A trial was held in Germany against Elena Kolbasnikova, a Ukrainian activist who planned significant pro-Russian demonstrations there.
The trial on June 6 at the administrative court in Cologne did not frighten Elena Kolbasnikova. “I will reveal the truth and I will live. And in this regard, I see myself as innocent,” Kolbasnikova, 48, said in her final statement. She added that she disagreed with the verdict and will appeal it, but why not be punished “for the sake of Ukraine’s freedom from the Nazis,” alluding to the country’s present authorities.
Kolbasnikova held pro-Russian protests in Cologne
A guy in Hamburg was recently ordered to pay 3,000 euros for the letter Z on the windshield of his car. Ukrainian Kolbasnikova, who lives in Cologne and intends to “soon” receive a Russian passport, was threatened in Germany with up to three years in prison or a significant fine. However, the Cologne court reduced the punishment because the mother of two children is currently unemployed and demanded 900 euros as retribution for Kolbasnikova’s support for the Russian Federation’s aggressive war against Ukraine on May 8, 2022, at the pro-Russian demonstration-motor rally organized by Kolbasnikova herself.
The defendant was indignant following the verdict and didn’t appear to comprehend the core of the charges against her. “30 days in jail, or I have to pay 30 euros per day. 900 euros to the government’s coffers for murders committed in Donbas since 2014.” – Kolbasnikova told the visiting Russian journalists on state television, “This is the truth of the German people.”
Kolbasnikova, who is frequently referred to as a “Putin fan” in the German media, is now the face of pro-Kremlin campaigners in that country. She orchestrated several significant events, which focused a great deal of attention on the current court. The friends and opponents of Kolbasnikova arrived at the courthouse an hour before the meeting began. One of the opposition‘s banners said, “Putin and his Nazis are killing.”
Before the trial, the pro-Russian activist’s supporters were not very vocal, except for the fact that Kolbasnikova’s husband Max Schlund was kicked out of the courtroom following an altercation with a spectator. Schlund is currently unemployed, just like his wife. He lost his job as a result of at least one further criminal case being filed in Germany against him and his wife for breaking EU sanctions against Russia. We’re referring to the items they gathered and sent to the Russian army fighting in Ukraine.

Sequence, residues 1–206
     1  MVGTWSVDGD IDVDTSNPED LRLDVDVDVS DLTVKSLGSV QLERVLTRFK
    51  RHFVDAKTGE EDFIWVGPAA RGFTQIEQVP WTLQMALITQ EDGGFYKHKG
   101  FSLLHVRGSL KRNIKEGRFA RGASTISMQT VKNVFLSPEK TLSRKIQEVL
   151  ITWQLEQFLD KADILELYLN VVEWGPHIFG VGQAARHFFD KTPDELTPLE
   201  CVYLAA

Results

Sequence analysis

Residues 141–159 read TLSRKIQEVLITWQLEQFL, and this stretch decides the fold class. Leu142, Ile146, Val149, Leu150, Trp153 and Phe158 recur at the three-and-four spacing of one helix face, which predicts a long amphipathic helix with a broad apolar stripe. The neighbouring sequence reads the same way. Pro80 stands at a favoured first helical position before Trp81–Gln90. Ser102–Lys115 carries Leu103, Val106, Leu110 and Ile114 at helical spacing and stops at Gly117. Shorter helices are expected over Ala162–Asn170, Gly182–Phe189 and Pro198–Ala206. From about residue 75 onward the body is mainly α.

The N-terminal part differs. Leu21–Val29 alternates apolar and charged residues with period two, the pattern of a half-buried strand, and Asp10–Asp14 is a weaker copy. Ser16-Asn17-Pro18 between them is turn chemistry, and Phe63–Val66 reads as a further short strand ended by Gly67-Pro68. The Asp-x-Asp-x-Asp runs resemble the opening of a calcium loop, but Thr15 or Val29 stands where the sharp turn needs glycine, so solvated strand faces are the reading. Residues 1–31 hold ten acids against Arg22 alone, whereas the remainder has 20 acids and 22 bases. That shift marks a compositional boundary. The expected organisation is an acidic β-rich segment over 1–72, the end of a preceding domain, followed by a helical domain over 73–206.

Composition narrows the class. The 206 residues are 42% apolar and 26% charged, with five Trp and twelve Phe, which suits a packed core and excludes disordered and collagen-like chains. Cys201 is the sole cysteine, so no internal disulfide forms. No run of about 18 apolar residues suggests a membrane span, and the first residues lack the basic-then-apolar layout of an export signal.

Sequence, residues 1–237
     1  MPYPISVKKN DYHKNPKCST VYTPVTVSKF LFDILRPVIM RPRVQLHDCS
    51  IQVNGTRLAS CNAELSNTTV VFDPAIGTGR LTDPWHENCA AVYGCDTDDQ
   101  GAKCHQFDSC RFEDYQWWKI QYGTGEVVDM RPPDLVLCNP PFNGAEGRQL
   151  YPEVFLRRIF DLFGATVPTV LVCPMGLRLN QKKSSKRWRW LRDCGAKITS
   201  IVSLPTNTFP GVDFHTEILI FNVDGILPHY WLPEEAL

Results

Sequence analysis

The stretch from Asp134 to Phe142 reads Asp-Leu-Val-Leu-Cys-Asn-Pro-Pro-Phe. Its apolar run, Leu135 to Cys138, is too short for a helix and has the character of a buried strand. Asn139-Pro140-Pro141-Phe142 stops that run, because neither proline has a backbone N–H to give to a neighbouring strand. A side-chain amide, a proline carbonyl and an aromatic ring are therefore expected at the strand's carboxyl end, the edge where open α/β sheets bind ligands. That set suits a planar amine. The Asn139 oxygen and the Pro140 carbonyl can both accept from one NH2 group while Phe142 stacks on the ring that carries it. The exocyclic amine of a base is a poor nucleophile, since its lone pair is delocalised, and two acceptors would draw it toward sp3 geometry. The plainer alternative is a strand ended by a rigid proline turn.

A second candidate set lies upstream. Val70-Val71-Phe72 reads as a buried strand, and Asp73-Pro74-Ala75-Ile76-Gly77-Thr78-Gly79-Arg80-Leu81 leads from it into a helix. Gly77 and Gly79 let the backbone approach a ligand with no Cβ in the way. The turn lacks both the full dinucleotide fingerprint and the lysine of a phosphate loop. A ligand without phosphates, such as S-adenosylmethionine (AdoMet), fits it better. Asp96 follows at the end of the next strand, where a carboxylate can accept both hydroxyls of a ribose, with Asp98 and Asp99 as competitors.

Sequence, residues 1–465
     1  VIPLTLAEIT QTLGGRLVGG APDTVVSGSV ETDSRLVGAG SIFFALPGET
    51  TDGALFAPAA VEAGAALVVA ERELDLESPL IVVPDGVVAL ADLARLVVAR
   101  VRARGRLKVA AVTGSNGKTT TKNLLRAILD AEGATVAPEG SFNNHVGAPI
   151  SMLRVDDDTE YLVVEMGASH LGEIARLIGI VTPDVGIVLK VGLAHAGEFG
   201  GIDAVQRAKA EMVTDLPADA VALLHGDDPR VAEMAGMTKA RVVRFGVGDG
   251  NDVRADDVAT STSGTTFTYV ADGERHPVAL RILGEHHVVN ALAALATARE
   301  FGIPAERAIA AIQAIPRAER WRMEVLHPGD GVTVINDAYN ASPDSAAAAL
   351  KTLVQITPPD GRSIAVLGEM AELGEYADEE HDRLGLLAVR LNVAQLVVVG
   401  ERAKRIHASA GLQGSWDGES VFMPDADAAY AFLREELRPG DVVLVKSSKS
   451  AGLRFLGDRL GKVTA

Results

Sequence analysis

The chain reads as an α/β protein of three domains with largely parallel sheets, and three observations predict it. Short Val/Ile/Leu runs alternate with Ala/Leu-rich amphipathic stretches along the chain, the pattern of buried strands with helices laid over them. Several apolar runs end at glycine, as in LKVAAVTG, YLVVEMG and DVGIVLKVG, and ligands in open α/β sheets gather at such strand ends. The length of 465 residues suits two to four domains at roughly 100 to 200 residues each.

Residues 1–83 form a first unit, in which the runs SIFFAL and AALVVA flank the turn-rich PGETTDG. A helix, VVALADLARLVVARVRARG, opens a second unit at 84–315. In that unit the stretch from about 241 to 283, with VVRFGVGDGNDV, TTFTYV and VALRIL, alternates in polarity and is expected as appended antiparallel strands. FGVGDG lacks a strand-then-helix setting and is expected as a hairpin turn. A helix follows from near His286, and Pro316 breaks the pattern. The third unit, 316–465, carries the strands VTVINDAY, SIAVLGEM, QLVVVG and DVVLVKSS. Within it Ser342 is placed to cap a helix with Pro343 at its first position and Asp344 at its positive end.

Appeal to German guilt
Before the trial began, the judge requested that Kolbasnikova take off the handcrafted Star of David she had pinned to her chest in the Russian tricolor’s colors (a play on the widely held belief among the pro-Kremlin audience that “Russians are the Jews of the 21st century”). Kolbasnikova took the stand and attempted to persuade the court that she was being victimized specifically because of her political activities.
Details of the trial
The primary piece of evidence against the pro-Kremlin activist from Ukraine was an interview Kolbasnikova gave to Bild on May 8 of last year, in which she said that “Russia is not an aggressor” and that “she had no other choice” but to invade Ukraine, even though she does not perceive this as an act of aggression. She believes that the march she organized and other initiatives uphold the “peacekeeping” principles of the two former German chancellors, Willy Brandt and Gerhard Schroeder. Kolbasnikova also referred to her remarks as “personal opinion,” which is well within her rights under German law’s protection of free speech. I support peace,” she affirmed.
In his remarks, the prosecution attempted to persuade the defendant that her trial was not taking place because she “organizes pro-Russian demonstrations,” “thinks Russia and Putin are cool,” or “criticizes the German or Ukrainian authorities.” Freedom of speech ceases where the endorsement of crimes starts, he continued. Kolbasnikova publicly applauded in an interview Russia’s military invasion of Ukraine, which is an act of military aggression and is illegal under German law, the prosecutor said.
The judge concluded
The court in Cologne explained her choice, citing the fact that Russia is waging a full-scale military invasion against Ukraine with all conventional weaponry, endangering its sovereignty and territorial integrity and that Germany’s public endorsement of such acts is illegal. The judge declared, “Not all speech in Germany is subject to freedom of speech, and not all speech is allowed to be heard.”
Photo: Christoph Hardt/Panama Pictures/IMAGO